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These commands are supposed to return bytes read or written. Currently, I am trying to read and write 100 characters at a time. When I use read(fd, buffer, 100) I get 99 characters read. When I use read(fd, buffer, 101) I get 100 characters read. What is the problem?

I am supposed to read 100 characters from a source code and write them to a destination1. Then, I am supposed to read 50 characters from same source into destination2. The reading and passing is inaccurate after the first few loops. Problems arise on the third loop. Please check it out:

  [Step 2] Prcs_P2.c: Copy the contents of source.txt into destination1.txt and 
  destination2.txt as per the following procedure.

  1. Read the next 100 characters from source.txt, and among characters read, 
  replace each character ’1’ with character ’A’ and all characters are then 
 written in destination1.txt
 2. Then the next 50 characters are read from source.txt, and among characters
 read, replace each character ’2’ with character ’B’ and all characters are
 then written in destination2.txt
 3. The previous steps are repeated until the end of file source.txt.
 The last read may not have 100 or 50 characters.
 -------------
 It's copying characters irregularly. sometimes more than 100 | 50 and sometimes less.

 int main() {

    //const int sizeBuff=100;

    char buffer[105];   //used to carry information in packets of 10
    int temp=0;     //temp variable to check for errors
    int charCount=0;


    int i=0;

//----------------------------------------
    //charCount=read(sourceFile, buffer , 101 );
    while( charCount=read(sourceFile, buffer , 100) >0){    //needed 101 as last arg instead of 100. DUnno why?

        i=0;
        while(i<charCount){
            if (buffer[i]=='1')
                buffer[i]='A';
            i++;
        }

        if(write( destinationFile, buffer,charCount)==-1)       //write(...) returns the number of bytes written to destinationFile
                                //-1 depicts error in the function and 0 is returned upon end of file
        {
            printf("\nWrite fail.\n");
            perror("Error");                //Prints error, if found while writing.
        }
        memset(buffer, 0, 105);     //CLEARS BUFFER

        i=0;
        charCount=read(sourceFile, buffer , 50 );   //reads 50 bytes at a time      //need flag for error
        while(i<charCount){
            if (buffer[i]=='2')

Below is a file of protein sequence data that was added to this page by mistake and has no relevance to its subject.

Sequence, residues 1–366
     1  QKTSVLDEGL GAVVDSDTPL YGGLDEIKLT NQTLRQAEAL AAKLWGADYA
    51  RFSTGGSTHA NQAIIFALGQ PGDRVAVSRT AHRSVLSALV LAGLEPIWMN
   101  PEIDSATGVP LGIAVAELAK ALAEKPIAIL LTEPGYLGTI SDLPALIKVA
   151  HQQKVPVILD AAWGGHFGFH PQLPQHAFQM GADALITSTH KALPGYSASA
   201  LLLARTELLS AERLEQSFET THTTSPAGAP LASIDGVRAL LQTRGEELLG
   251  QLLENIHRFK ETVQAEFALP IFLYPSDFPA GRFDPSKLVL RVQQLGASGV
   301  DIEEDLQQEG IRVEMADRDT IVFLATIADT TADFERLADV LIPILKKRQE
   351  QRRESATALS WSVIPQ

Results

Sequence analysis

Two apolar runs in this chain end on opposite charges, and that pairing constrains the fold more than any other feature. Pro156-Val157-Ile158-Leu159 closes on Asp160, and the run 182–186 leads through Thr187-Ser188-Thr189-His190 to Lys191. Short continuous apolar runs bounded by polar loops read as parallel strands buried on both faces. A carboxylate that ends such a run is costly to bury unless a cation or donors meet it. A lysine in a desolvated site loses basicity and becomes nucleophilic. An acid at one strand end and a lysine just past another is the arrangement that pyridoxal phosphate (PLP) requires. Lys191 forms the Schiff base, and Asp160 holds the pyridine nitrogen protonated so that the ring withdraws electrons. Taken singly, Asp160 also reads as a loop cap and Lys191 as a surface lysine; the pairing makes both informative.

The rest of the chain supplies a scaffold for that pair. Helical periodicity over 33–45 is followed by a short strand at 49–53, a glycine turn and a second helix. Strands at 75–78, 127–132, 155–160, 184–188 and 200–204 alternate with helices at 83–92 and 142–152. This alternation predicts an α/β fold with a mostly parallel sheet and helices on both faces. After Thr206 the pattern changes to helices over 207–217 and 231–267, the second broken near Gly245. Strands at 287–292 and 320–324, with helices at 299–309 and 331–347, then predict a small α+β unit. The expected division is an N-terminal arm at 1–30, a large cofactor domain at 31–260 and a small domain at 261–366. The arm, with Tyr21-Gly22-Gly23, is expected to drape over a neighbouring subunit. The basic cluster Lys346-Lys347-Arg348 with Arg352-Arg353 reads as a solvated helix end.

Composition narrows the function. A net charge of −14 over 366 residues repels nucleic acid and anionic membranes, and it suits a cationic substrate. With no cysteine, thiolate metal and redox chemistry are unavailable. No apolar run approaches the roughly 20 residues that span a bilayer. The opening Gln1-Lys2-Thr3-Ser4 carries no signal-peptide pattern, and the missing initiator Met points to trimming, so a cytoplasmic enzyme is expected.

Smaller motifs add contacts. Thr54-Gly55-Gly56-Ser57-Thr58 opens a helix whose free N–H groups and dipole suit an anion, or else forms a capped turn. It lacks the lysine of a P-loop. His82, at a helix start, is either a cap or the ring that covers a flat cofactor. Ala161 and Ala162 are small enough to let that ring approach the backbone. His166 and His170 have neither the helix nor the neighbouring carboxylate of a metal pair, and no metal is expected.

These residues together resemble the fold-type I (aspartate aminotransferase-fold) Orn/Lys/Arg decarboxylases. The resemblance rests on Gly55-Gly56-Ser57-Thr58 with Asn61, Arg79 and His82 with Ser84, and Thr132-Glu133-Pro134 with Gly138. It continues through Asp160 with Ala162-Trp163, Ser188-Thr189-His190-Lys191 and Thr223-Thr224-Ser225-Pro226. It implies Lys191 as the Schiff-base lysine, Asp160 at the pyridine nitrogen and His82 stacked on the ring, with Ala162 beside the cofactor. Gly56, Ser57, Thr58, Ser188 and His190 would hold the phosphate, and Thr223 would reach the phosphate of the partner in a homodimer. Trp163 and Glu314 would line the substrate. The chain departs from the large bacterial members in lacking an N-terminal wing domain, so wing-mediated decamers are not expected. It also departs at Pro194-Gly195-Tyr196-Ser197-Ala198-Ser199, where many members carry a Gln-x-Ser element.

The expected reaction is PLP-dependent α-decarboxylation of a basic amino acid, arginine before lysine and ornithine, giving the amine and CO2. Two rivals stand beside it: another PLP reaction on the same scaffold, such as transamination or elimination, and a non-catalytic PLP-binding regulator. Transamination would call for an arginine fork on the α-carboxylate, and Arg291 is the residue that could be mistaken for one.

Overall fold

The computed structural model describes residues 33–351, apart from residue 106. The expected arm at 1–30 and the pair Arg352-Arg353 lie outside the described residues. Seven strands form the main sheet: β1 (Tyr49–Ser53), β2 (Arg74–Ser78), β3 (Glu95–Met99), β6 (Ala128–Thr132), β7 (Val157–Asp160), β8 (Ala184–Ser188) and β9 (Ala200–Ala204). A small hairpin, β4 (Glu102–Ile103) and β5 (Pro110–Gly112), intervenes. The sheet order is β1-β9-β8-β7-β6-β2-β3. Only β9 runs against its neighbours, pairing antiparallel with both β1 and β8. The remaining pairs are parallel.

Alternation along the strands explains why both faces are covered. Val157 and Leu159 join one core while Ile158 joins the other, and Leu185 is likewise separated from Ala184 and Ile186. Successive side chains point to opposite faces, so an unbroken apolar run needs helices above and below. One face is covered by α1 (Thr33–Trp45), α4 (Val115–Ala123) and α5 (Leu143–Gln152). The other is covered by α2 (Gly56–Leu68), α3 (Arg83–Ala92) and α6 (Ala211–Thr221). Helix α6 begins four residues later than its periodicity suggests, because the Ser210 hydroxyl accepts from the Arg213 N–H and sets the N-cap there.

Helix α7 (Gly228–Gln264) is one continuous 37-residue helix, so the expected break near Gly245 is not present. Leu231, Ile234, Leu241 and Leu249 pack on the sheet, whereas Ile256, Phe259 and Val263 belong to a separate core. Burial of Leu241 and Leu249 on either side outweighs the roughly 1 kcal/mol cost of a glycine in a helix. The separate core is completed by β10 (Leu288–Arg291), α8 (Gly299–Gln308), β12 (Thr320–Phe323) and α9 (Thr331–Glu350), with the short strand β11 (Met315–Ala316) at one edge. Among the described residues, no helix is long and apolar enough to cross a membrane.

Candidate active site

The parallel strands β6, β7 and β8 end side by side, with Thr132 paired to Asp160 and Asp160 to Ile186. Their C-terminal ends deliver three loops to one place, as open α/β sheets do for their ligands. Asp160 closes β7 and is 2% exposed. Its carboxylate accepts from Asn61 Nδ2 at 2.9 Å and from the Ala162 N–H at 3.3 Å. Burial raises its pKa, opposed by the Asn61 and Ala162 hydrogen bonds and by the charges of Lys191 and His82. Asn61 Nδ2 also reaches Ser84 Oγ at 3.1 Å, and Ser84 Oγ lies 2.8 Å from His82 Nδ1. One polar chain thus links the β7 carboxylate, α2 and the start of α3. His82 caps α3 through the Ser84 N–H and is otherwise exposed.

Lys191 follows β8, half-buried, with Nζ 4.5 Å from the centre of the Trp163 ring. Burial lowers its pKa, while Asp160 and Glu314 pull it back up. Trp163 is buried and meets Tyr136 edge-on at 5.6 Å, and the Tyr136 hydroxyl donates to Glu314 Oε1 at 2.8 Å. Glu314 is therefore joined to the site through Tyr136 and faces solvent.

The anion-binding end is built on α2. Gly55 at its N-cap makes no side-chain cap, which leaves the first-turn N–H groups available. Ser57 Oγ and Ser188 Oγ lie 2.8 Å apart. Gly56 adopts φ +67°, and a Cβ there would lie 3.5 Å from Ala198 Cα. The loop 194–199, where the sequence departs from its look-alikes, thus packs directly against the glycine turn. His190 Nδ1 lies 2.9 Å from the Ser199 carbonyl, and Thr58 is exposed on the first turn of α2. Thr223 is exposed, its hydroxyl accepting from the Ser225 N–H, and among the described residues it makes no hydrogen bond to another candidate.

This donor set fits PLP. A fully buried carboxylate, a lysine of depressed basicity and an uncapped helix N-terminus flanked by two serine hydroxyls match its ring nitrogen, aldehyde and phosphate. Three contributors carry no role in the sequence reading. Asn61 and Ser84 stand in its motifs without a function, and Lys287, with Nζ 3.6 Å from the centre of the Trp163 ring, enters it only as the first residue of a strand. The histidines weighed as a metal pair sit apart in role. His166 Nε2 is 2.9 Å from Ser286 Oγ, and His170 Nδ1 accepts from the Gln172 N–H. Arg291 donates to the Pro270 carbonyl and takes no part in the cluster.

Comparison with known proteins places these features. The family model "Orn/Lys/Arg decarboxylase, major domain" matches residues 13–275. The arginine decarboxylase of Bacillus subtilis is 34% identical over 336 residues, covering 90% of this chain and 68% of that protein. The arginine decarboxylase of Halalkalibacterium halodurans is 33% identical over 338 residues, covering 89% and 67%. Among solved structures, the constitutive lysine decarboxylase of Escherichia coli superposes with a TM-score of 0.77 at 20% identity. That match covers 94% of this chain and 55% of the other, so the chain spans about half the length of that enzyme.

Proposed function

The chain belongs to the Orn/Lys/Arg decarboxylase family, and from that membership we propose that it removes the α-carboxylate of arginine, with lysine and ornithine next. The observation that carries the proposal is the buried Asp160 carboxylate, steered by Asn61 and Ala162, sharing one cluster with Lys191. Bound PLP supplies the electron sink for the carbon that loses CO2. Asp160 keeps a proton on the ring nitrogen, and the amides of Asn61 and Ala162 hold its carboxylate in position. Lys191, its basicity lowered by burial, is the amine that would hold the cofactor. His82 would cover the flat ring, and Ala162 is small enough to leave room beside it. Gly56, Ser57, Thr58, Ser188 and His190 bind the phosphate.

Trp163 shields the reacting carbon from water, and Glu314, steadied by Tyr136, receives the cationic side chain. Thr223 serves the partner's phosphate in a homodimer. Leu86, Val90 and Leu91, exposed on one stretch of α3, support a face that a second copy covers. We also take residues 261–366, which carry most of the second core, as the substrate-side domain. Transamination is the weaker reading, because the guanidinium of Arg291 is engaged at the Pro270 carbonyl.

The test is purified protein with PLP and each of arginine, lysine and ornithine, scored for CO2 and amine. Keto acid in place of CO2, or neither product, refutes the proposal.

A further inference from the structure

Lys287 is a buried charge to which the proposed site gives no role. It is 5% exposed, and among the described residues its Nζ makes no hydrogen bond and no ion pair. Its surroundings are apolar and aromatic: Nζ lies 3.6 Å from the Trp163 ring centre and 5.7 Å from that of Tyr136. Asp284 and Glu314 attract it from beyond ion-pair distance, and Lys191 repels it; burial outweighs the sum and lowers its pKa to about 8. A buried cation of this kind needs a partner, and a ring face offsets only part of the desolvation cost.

buffer[i]='B';
            i++;
        }

        temp=write( destinationFile2, buffer, charCount);       //write(...) returns the number of bytes written to destinationFile
        if(temp==-1)                        //-1 depicts error in the function and 0 is returned upon end of file
        {
            printf("\nWrite fail.\n");
            perror("Error");                //Prints error, if found while writing.
        }

        memset(buffer, 0, 105);
    }//while loop ends

    close(destinationFile);
    close(destinationFile2);
    close(sourceFile);
    //------PART 1 ENDS-------------

    //------PART 2 STARTS------------



}
share|improve this question
    
For the first part of your question, regarding the off by 1 error: I believe the reason you can only get 99 when you set it to 100 is because the 100th character is the null plug. –  Steven Morad Mar 30 '13 at 19:31
3  
@StevenMorad: read and write don't treat \0 specially, so I don't think that's the reason. –  nneonneo Mar 30 '13 at 19:32
    
It would be sensible if you showed the code that opens the files (an SSCCE or Short, Self-Contained, Correct Example). You should check the write with if (write(destinationFile, buffer, charCount) != charCount) to detect any sort of short write. The memset() commands are not really necessary. –  Jonathan Leffler Mar 30 '13 at 19:33

1 Answer 1

up vote 4 down vote accepted
charCount=read(sourceFile, buffer , 100) >0

This sets charCount to 0 or 1. You want

(charCount = read(sourceFile, buffer , 100)) > 0
share|improve this answer
    
You are right, but the problem was that I was not considering the somewhat invisible newline characters throughout the file. –  knowKnothing Apr 11 '13 at 5:33

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